In 1919, a group of young men met to discuss the formation of a new synagogue in Hartford. They envisioned the establishment of a congregation prepared to accept modern interpretation of age-old ethics and observances while retaining the traditional spiritual beauty and appeal that for so long had been an integral part of their religious being. The result was The Emanuel.
A thorough historical review can be found beginning on page 22 of our Centennial Tribute Book.
2018: Beth Hillel Merges with The Emanuel! “Synagogue Merger: 60 Beth Hillel families join The Emanuel”
I am Sefer Torah 621 from Slany; I am Sefer Torah 36 from Vlasim
Sefer Torah number 621, from the town of Slany and written in 1830, is one of the 1,564 Czech Memorial Sifrei Torah which constituted part of the treasures the Nazis looted during the 1939-1945 war from the desolate Jewish communities of Bohemia and Moravia. After the war, the Scrolls were housed in the basement of The Michele Synagogue under the supervision of curators of the Jewish Museum in Prague.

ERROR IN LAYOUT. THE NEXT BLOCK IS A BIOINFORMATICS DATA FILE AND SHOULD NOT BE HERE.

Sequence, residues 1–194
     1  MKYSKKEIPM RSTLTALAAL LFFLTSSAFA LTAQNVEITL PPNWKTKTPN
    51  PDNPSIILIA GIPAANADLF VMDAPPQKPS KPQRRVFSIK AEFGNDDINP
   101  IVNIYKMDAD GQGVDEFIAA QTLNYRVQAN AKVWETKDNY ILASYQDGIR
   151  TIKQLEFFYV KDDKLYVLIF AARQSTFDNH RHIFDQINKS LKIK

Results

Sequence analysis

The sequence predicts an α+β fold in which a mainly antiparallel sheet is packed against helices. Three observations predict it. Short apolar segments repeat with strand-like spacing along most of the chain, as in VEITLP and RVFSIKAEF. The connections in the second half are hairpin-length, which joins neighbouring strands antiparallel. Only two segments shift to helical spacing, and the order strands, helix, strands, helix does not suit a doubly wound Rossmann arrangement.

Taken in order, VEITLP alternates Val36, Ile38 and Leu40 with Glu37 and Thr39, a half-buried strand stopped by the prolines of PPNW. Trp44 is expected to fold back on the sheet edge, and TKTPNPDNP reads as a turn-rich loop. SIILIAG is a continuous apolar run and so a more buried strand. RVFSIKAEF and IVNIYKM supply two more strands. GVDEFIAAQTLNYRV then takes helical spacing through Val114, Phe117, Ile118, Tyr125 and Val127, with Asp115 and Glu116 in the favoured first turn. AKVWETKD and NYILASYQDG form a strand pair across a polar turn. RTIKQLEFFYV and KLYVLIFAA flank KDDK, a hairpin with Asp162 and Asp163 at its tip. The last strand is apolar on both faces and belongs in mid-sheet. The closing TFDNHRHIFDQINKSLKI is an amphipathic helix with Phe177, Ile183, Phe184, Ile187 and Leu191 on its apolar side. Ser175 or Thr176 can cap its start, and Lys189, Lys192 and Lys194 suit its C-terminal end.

They were rescued by The Memorial Scrolls Trust, which brought them to Westminster Synagogue in London in 1964 for restoration.
After being tracked, tagged and restored, The Emanuel Synagogue and the former Beth Hillel Synagogue proudly joined the international project to obtain a scroll on permanent loan.
Members of the former Beth Hillel Synagogue brought their scroll to The Emanuel when the synagogues merged.
That scroll – which could not be repaired for use – will be displayed in our Banks Garden Lobby. A design has been completed for a display case soon to be installed. A rededication of both Holocaust Torah Scrolls will be held after the pandemic has passed.
Sefer Torah 36 is from Vlasim and was written at the end of the 19th century.
This scroll is now housed at The Emanuel in the Aron Kodesh (Ark) in a place of honor. It is covered with one of our new Torah covers. On Simchat Torah, we unroll this entire Torah, and the children stand in the middle of the circle to learn what the Torah looks like from one end to the other.
For more information about the Czech Holocaust Torah Project, click here.